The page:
A commonly used marketing strategy is that of the Brand Archetype. There are 12 archetypes on which brands can base their communication style, aspirational consumer perception and engagement outreach. With the Halloween season upon us, let’s take a look at these archetypes under the paradigm of famous movies monsters and explore their strengths and weakness. Which one do you think your brand most closely matches?
The Innocent – Frankenstein’s Monster
The Innocent is a simple, loyal brand that strives to be good. These companies conjure feelings of strong moral values and nostalgia. Examples include Dove and Cottonelle. On the flip side, The Innocent runs the risk of naivety, paralleling Frankenstein’s Monster’s inability to know his own strength or understand social cues.
The Regular Guy/Gal – Zombie
This archetype is rooted in a down-to-earth, person-next-door mentality. The Regular Guy/Gal is relatable and gives a sense of belonging. Examples include Home Depot and eBay. However, companies who adopt this ethos may lack a distinct identity and personality. It’s important that the Regular Guy/Gal finds a way to stand out from the rest of the horde that’s also hungry for your consumer’s mindshare.
The Hero – King Kong
Like King Kong, The Hero is courageous, bold and strong. The Hero wants to leave a positive mark on the world and inspire others to do so. Examples include Nike and BMW. Before his capture and enslavement, King Kong was worshipped as a god. He represents the awesome power and unlimited possibilities of nature. Unfortunately for King Kong and The Hero archetype, both can be held back and shackled by perceptions of arrogance and selfishness. While the goal is to hold your audience’s attention captive, try not to elevate yourself by destroying those who stand in your way.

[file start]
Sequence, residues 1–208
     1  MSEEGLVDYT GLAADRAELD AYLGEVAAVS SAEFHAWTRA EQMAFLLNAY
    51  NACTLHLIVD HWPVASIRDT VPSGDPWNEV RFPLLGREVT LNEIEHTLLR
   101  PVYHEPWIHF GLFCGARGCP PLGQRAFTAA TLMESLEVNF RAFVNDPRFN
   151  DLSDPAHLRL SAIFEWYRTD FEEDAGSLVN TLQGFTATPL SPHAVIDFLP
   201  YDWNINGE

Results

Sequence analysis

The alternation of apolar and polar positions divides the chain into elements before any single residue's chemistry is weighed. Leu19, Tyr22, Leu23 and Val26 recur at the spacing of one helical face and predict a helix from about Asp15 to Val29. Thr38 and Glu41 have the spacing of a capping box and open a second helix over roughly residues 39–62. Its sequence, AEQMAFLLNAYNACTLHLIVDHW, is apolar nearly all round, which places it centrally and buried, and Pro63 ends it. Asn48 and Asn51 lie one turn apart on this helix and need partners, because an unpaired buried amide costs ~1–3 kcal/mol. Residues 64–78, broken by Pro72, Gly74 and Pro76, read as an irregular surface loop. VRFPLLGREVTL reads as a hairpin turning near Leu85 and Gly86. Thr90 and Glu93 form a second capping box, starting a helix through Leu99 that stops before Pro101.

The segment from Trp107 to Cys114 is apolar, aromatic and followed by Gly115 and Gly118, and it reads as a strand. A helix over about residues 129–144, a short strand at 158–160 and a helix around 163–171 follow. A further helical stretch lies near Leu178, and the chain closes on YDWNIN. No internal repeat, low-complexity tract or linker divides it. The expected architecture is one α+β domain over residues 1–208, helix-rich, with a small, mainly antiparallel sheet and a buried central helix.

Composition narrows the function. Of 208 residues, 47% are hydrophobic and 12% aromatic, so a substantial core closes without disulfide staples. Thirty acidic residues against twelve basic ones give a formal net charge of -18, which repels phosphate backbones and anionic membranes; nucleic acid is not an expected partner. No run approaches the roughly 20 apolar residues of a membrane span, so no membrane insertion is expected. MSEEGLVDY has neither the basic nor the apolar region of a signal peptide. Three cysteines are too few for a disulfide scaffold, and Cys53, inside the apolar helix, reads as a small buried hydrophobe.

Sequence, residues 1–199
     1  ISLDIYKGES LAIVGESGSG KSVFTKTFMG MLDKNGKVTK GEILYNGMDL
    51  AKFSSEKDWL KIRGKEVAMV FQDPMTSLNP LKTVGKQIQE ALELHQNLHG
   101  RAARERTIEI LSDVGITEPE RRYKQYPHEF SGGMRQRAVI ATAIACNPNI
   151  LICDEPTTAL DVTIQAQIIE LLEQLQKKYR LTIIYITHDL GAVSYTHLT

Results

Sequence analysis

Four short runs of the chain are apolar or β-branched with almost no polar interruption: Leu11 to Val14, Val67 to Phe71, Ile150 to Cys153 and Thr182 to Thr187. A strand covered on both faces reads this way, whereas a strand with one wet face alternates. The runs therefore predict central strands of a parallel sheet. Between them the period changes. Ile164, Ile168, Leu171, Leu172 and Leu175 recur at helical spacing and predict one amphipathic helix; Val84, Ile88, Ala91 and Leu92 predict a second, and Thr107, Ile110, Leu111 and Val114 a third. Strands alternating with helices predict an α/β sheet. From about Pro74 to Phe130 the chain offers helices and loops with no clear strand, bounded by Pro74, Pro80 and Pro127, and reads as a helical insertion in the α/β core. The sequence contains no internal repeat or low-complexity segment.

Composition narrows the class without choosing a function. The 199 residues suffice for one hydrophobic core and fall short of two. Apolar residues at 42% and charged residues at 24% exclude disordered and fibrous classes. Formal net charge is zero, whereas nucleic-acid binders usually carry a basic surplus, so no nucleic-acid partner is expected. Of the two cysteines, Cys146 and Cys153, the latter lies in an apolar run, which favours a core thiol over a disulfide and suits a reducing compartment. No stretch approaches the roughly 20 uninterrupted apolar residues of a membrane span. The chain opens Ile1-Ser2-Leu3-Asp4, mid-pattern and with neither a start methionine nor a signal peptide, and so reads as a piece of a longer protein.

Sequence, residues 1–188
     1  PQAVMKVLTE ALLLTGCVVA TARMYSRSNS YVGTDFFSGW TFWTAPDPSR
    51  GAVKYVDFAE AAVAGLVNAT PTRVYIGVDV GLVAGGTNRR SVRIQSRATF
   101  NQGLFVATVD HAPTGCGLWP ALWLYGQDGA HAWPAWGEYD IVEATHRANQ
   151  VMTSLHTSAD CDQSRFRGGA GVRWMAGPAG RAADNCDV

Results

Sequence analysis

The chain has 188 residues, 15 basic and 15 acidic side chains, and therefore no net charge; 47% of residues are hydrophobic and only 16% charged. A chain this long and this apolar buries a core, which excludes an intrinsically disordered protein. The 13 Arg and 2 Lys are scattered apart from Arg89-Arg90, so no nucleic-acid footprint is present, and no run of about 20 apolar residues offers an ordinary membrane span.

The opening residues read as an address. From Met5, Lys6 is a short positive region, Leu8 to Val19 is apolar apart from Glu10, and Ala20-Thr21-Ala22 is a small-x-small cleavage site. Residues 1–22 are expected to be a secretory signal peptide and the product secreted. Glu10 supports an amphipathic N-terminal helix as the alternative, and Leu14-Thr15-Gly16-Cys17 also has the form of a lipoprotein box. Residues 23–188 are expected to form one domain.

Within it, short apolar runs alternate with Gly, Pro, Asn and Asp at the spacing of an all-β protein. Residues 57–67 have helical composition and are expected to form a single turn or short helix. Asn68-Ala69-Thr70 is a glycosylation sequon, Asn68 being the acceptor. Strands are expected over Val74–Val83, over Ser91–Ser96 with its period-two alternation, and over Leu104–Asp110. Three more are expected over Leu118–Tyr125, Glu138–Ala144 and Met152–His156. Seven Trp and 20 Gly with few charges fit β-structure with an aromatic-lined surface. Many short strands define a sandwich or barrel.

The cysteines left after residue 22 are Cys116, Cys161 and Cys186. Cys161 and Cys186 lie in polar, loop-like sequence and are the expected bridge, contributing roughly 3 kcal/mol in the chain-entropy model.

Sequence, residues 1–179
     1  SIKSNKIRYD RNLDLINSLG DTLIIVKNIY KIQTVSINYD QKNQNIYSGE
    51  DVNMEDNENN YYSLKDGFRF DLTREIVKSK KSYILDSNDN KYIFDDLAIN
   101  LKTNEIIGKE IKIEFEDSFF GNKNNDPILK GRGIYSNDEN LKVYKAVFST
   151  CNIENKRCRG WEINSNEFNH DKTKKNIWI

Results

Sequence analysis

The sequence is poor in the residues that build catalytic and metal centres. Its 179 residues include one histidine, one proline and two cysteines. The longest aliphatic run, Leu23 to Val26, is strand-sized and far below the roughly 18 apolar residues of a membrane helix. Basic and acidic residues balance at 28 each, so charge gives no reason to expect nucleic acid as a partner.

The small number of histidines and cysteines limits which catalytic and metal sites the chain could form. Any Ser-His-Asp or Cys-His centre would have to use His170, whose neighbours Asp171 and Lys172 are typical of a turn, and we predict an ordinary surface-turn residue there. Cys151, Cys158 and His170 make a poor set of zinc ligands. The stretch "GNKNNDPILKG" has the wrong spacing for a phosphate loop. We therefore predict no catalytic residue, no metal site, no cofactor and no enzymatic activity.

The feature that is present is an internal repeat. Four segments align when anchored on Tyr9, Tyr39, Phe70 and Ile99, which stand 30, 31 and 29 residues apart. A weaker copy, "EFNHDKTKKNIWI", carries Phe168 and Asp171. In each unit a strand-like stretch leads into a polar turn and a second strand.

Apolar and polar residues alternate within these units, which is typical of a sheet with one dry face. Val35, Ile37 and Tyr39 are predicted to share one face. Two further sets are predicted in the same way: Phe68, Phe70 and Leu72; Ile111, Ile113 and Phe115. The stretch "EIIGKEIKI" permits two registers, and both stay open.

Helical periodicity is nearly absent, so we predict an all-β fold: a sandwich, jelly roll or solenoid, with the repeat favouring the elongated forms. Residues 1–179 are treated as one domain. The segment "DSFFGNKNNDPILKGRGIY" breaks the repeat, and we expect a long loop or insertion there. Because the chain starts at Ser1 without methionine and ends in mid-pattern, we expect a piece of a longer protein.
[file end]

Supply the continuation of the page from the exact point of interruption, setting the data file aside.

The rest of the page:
The Outlaw – Voldemort
The Outlaw lives to break the rules. This archetype is rebellious and works to pave the way for change. Examples include Harley-Davidson and T-Mobile. While this devil-may-care attitude is fantastical and enchanting, the danger with The Outlaw is overdoing it. You don’t want to take it too far outside the law and amass a following of ill-intentioned fanatics, like Voldy did. Not even unicorn blood can bring a brand back from that sort of association.
The Explorer – The Thing
If your consumer finds fulfillment through discovery and new experiences, your brand may fit The Explorer archetype. The Explorer is adventurous, ambitious and pioneering. Examples include Jeep, Red Bull and North Face; it’s for those who wish to, for example, conquer the mysteries of the Antarctic. For Explorer brands, authenticity is of the utmost importance. Any suspicion that your brand is inauthentic could result in its integrity being burnt to the ground. Like The Thing, The Explorer may find difficulties assimilating into the mainstream. Some may resist an Explorer who comes on too strong, like an overeager Malamute ready to conquer the world.
The Creator – Jareth The Goblin King
The Creator is a world builder, a nonconformist and an artist. Brands who model themselves after this archetype want to make their mark on the world in a lasting and meaningful way. They foster imagination and inspire the extraordinary. Examples include Lego and Crayola. That said, The Creator may come across as a perfectionist or impractical. Like Jareth, The Creator could get overeager and attempt to bend others to their vision, instead of letting them explore the maze within themselves and find their own way to be creative.
The Ruler – The Wicked Witch of the West